Posts Tagged ‘regeneration’

Thanks to Charlie Jordan for finding this. The atheist who wrote this article, Matthew Parris, describes the regeneration associated with faith and the work of the Holy Spirit in a far more moving and convincing way than most Western Christians. I recommend you read the whole thing

Before Christmas I returned, after 45 years, to the country that as a boy I knew as Nyasaland. Today it’s Malawi, and The Times Christmas Appeal includes a small British charity working there. Pump Aid helps rural communities to install a simple pump, letting people keep their village wells sealed and clean. I went to see this work.

It inspired me, renewing my flagging faith in development charities. But travelling in Malawi refreshed another belief, too: one I’ve been trying to banish all my life, but an observation I’ve been unable to avoid since my African childhood. It confounds my ideological beliefs, stubbornly refuses to fit my world view, and has embarrassed my growing belief that there is no God.

Now a confirmed atheist, I’ve become convinced of the enormous contribution that Christian evangelism makes in Africa: sharply distinct from the work of secular NGOs, government projects and international aid efforts. These alone will not do. Education and training alone will not do. In Africa Christianity changes people’s hearts. It brings a spiritual transformation. The rebirth is real. The change is good.

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This is the text that I spoke from at Sunday School on Nov 23.  These notes are not the full talk.  If you were there, you will notice much new material and much left out.  I write this out in full so that I can internalize and deliver it without being too dependent on a “script”.  Nevertheless, the substance is still here.  Enjoy!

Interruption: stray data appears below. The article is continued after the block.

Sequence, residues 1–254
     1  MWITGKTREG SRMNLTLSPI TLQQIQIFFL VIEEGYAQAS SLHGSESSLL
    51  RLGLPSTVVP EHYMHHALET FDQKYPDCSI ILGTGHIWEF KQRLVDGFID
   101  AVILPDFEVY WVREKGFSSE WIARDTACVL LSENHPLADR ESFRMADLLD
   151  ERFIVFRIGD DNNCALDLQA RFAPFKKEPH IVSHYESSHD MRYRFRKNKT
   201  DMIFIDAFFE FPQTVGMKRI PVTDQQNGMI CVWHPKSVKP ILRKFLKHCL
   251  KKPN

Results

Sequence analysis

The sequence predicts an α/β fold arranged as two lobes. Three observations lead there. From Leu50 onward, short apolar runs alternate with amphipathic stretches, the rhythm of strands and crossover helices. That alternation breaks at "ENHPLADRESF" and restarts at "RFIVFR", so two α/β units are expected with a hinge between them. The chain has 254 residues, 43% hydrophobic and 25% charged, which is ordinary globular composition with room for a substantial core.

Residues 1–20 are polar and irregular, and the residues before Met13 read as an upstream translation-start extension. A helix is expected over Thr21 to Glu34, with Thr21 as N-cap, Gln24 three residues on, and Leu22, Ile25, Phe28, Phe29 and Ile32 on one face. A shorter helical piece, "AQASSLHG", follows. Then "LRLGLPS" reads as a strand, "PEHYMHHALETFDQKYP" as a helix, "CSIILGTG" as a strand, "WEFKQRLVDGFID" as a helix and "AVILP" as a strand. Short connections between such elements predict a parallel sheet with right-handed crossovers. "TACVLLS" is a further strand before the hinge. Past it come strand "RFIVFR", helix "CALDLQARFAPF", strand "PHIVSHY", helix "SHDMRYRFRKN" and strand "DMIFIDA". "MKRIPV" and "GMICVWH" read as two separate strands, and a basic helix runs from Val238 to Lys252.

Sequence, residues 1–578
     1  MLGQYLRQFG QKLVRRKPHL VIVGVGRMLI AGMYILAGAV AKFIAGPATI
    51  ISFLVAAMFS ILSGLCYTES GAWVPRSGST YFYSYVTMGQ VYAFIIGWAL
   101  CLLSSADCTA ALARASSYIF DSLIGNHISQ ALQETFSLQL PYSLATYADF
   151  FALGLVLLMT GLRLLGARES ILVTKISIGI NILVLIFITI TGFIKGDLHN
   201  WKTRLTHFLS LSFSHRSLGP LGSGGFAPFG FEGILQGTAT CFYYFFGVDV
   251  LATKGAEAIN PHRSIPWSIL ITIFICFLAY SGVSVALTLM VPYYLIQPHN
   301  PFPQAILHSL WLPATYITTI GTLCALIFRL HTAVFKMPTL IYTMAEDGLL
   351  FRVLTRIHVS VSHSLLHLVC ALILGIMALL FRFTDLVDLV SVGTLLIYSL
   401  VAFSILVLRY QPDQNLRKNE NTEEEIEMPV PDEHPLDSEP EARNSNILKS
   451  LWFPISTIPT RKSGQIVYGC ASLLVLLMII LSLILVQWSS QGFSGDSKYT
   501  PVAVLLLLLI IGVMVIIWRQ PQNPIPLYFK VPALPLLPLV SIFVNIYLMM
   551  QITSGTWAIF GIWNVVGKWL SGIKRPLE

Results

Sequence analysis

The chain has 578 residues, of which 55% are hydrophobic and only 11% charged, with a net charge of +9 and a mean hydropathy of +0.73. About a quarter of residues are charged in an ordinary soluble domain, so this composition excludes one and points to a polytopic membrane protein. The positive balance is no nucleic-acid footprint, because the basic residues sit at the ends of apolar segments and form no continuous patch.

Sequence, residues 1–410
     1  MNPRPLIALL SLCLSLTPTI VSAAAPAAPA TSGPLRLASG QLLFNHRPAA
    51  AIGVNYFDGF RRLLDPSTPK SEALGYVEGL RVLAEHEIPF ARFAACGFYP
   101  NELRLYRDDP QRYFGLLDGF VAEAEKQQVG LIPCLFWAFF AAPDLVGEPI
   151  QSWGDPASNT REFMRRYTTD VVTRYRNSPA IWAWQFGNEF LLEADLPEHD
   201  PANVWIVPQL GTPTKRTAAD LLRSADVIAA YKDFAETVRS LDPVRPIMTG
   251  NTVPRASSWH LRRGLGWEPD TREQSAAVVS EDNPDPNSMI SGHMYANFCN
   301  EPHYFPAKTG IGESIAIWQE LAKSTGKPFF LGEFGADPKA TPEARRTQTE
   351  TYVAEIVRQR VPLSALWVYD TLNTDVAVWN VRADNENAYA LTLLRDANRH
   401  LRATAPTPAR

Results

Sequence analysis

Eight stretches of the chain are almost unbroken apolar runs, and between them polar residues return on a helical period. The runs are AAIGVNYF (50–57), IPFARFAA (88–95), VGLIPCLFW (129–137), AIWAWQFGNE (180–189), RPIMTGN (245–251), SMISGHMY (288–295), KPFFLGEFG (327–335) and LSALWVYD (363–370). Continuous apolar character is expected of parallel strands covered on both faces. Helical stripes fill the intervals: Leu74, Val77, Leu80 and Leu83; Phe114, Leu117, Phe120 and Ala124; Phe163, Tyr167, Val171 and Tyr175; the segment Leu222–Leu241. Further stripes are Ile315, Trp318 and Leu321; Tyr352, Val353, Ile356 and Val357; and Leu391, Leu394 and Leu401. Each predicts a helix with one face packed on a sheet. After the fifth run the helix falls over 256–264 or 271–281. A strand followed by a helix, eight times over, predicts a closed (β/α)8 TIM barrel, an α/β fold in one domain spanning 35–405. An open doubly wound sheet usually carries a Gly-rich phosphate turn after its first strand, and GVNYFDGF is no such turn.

Thy Will be Done!

“To Inspire All People, Through the Power of the Gospel, to Become Living Members of the Body of Christ”

Sunday School

Nov 23, 2008

 

This morning we will examine the second petition of the Lord’s prayer, “Thy will be done, on earth as it is in Heaven.”  It is important before we begin for me to state clearly what it is that I hope we will accomplish this morning.  What we will not be doing this morning is a systematic look at the nature of God’s will as it is revealed in the Bible.  Rather, what I hope to do this morning is to help us understand what it means to pray that God’s will be done on earth as it is in heaven.  I hope that as we present the Gospel as it applies to this portion of the Lord’s prayer, it will affect your heart in such a way that you will be inspired to come more alive to God, as is our stated purpose in all that we do here at Trinity Church. 

Let us begin with a brief examination of God’s will. (more…)

Suppose for a moment that you were allowed to enter heaven without holiness. What would you do? What possible enjoyment could you feel there? To which of all the saints would you join yourself and by whose side would you sit? Their pleasures are not your pleasures, their tastes are not your tastes, their character not your character. How could you possibly be happy, if you had not been holy on earth?